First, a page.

Translator's notes

Hill 146

By Guillaume Apollinaire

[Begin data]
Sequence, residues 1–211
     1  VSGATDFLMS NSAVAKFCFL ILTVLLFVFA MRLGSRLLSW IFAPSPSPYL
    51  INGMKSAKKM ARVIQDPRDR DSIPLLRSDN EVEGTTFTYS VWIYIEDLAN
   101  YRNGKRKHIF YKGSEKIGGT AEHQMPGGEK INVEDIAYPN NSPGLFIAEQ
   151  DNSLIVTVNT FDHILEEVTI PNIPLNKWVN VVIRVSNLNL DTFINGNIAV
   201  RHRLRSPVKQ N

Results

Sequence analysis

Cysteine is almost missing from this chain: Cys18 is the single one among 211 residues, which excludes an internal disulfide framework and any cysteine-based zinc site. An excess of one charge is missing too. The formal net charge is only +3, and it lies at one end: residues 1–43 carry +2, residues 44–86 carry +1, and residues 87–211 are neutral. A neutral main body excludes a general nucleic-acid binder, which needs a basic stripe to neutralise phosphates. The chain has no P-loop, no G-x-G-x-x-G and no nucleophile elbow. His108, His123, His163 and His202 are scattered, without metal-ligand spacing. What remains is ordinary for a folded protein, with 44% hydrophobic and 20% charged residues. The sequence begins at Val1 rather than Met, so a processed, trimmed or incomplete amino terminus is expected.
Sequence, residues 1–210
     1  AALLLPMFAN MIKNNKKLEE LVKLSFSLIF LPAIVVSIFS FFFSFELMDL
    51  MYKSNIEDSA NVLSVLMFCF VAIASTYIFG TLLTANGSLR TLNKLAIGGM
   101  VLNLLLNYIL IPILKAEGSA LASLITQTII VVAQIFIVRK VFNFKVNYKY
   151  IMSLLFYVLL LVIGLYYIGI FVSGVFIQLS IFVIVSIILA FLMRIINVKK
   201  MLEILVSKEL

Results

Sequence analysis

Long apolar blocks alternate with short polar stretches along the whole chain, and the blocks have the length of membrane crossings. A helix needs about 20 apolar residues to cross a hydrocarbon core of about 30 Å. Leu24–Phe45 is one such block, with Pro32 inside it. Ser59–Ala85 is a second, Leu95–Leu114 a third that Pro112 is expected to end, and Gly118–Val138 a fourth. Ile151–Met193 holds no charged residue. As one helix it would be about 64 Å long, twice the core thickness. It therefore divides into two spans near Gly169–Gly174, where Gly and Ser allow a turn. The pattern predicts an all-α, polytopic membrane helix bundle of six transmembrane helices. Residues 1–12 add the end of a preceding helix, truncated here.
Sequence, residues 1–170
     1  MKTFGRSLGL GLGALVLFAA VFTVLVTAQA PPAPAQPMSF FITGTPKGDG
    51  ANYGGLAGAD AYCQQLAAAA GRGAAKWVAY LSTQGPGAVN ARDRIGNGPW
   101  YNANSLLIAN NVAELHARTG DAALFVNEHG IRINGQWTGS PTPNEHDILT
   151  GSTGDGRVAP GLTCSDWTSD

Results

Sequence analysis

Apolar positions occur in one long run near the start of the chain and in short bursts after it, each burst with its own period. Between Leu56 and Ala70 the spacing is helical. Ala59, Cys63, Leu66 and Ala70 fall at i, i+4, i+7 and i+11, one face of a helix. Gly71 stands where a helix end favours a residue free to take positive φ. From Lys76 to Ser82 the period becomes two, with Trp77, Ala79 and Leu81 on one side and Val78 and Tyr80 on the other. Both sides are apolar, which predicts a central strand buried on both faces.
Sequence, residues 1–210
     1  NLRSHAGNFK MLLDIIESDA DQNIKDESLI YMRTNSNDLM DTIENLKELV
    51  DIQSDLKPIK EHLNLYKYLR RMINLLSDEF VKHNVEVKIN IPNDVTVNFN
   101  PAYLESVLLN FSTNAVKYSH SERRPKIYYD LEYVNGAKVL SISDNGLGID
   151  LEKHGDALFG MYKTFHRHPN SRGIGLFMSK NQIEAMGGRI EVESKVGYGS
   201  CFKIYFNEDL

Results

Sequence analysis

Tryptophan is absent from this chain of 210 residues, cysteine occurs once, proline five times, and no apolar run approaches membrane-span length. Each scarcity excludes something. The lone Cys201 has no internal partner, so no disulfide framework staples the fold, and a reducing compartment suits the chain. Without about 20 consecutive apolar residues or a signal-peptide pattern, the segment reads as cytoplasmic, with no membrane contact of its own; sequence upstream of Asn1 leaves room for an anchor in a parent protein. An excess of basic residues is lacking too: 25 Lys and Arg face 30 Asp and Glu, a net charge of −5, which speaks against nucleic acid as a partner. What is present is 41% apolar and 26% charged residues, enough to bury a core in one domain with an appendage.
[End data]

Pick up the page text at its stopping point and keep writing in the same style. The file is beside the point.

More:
Of the translations, or transpositions, that appear in MPT 3/7 'Love and War', the first four are taken from Apollinaire’s collection Poèmes à Lou, which was published posthumously in 1947, almost thirty years after the poet’s death.  The delay was due in part to the fact that the correspondence in which these poems are inserted had to be discovered, and in part due to the explicit nature of some of the material, all the more startling in its conflation of erotic conceit and martial imagery, the latter drawn spontaneously from Apollinaire’s daily life as an artilleryman on the Champagne front.  He served there from 1915 until he was wounded in the head on 17 March 1916, just a week after he was awarded French nationality.  Apollinaire enlisted, and in April 1915 entrained North from Nîmes, bathed in the afterglow of a week of what appears to have been sweet and wild sexual ecstasy in the company of Louise de Coligny-Châtillon – “Lou” - a young aristocratic beauty he had just met in Nice, and whose every aspect seemed to correspond point for point with the poet’s ideal. The erotic pressure, a mixture of memory and desire, is unrelenting in the torrential letters and poems that he fired off to Lou in the weeks and months after their encounter.  At their best, the poems draw into the vortex of longing the extraordinary sights and sounds of the Western Front; they are a wholly original mixture of French classicism in the style of the blasons du corps feminin, and modernist inclusiveness and invention.  The Poèmes à Lou stand alongside the more famous Calligrammes in their “celebration” – which is still startling to those accustomed to the poetry of protest of the British War Poets – of the “matériel” of war.  Not that Apollinaire was in any way duped, as the poem “Cornflower” (written later, in 1917) makes clear.  As for Lou, she replied more and more evasively to her lover’s declarations; and after two brief leaves of absence early on in 1915, Apollinaire never saw her again, though the letters and poems continued until January 1916.


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